Cole Swindell 'Stereotype' Album Review

Platinum selling recording artist Cole Swindell released his fourth studio album Stereotype on Friday, April 8th. Swindell has been releasing hit after hit from this LP, including “Single Saturday Night,” “Some Habits,” and his duet with Lainey Wilson “Never Say Never.” Now fans can listen to the whole picture this singer-songwriter has to offer.

Swindell has seemed to have arguably one of the more consistent radio careers in country music. He has 10 No. 1 songs to his resume and plenty of touring experience to show for it. Before the screaming fans and bright lights, he was simply working the merchandise booth on Luke Bryan’s tours. The fellow Georgians had a bond over music, and Bryan has been his biggest supporter ever since. Swindell went on to sign a publishing deal in Nashville where he honed in on his songwriting. He has written hits like Bryan’s “Roller Coaster,” Thomas Rhett’s “Get Me Some of That,” and Florida Georgia Line’s “This is How We Roll.”

The title track “Stereotype” was released a couple weeks preceding the full LP. The song is about falling for a stereotypical small town girl, and realizing you want to embrace that small town stereotype too. Swindell sings references to Shania Twain and doing shots at a bar in his signature melodic way. On“Miss Wherever” he sings about strong first impressions stating,“Looking like a miss wherever she’s from, give her the crown, yeah she already won, it ain’t no contest, girl in that dress, with the kind of smile you only find on some.”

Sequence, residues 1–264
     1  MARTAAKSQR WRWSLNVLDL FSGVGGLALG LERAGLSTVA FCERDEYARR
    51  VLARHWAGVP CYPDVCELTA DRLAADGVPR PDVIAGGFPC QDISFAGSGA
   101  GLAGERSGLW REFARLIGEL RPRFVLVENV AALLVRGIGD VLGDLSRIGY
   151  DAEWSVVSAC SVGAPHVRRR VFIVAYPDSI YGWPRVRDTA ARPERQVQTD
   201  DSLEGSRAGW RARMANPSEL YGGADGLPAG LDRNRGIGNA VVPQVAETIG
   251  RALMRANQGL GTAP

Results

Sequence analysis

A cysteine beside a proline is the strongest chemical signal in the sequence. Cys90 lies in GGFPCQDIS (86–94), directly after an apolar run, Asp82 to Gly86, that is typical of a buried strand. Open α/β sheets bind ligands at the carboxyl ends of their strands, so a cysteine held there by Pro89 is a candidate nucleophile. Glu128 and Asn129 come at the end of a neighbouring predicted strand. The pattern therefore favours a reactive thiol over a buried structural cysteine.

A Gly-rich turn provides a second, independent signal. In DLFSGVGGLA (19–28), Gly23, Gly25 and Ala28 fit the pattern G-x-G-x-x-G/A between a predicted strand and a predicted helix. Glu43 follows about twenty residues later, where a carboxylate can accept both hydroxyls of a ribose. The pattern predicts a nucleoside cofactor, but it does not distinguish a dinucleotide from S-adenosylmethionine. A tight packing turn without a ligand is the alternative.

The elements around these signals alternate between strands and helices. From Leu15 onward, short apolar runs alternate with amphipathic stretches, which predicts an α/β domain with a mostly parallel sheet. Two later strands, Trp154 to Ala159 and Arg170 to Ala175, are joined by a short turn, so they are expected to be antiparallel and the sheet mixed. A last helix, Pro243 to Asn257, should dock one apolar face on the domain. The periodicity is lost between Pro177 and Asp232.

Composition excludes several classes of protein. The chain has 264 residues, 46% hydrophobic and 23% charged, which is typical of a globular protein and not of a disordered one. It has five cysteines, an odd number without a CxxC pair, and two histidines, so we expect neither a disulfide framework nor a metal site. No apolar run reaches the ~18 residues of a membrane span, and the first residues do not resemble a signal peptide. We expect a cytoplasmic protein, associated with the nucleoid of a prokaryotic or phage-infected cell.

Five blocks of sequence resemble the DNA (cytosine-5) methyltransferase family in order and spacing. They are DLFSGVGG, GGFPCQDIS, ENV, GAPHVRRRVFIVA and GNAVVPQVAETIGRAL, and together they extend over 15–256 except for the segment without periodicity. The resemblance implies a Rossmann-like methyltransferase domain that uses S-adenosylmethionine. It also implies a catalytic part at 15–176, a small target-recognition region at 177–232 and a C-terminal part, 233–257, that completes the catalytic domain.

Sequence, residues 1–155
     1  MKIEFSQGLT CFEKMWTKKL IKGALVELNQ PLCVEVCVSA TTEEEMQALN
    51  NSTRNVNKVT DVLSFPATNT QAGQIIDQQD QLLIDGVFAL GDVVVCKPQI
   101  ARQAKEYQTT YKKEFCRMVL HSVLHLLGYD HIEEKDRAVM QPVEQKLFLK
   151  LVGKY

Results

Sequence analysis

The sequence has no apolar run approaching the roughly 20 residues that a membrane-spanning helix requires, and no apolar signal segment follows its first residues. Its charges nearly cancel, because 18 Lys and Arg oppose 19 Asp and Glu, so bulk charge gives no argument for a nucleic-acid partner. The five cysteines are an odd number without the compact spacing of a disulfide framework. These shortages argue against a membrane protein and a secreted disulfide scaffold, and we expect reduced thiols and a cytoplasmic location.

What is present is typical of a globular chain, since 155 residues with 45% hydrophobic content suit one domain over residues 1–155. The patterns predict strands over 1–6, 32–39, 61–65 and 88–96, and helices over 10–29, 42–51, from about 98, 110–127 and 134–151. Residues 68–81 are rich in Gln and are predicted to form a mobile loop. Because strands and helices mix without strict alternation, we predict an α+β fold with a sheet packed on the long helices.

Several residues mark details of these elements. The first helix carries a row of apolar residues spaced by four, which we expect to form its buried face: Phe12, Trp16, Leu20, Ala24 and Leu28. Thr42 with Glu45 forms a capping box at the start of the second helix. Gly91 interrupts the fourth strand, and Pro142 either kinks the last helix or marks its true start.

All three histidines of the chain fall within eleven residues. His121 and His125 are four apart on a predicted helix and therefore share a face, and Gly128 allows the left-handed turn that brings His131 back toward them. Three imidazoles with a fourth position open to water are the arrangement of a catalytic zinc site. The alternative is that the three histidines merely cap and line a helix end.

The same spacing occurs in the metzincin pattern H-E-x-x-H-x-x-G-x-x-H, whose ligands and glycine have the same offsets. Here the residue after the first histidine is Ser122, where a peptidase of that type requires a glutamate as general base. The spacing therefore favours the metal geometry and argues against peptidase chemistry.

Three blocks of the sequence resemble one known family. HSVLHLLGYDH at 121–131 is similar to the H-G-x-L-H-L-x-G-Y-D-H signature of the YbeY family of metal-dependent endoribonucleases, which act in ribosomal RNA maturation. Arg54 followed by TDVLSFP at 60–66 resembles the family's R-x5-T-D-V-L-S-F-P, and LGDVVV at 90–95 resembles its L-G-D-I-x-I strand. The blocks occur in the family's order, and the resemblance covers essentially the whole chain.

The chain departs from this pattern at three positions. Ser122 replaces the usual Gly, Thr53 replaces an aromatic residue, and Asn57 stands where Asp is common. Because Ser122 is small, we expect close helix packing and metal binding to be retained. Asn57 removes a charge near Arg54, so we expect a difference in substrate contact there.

Swindell offers no shortage of heartbreak tracks, but he does it in the most melodic and catchy way possible. “How Is She” is a perfect example of a heartbreak song worth cranking all the way up. Having the same friends as an ex makes it possible to check in on them, and Swindell can’t help himself. “Walk On Whiskey” also finds a way to pull on your heartstrings as the lyrics show off some of his most clever writing. “She finally got me down here on my knees, fighting back tears and gravity / She’s learning how to fly those angel wings / I’m drowning her goodbye in Tennessee / Probably wouldn’t be, if her halo was still hanging over me / Heaven knows she walked on water / Hell, I can’t even walk on whiskey.”

“Every Beer” is one of the more reflective tracks as Swindell sings about what life lessons he truly believes in. “Call your mama, see the world / Get that tattoo, kiss the girl / Count your

blessings, thank your stars / Learn your lesson, earn your scars / Life’s a sunset from the porch, as beautiful as it is short.”

This record has all of the characteristics of a great Swindell project: truth and the urge to roll your windows down. He definitely makes a case for at least a few more No. 1 hits.

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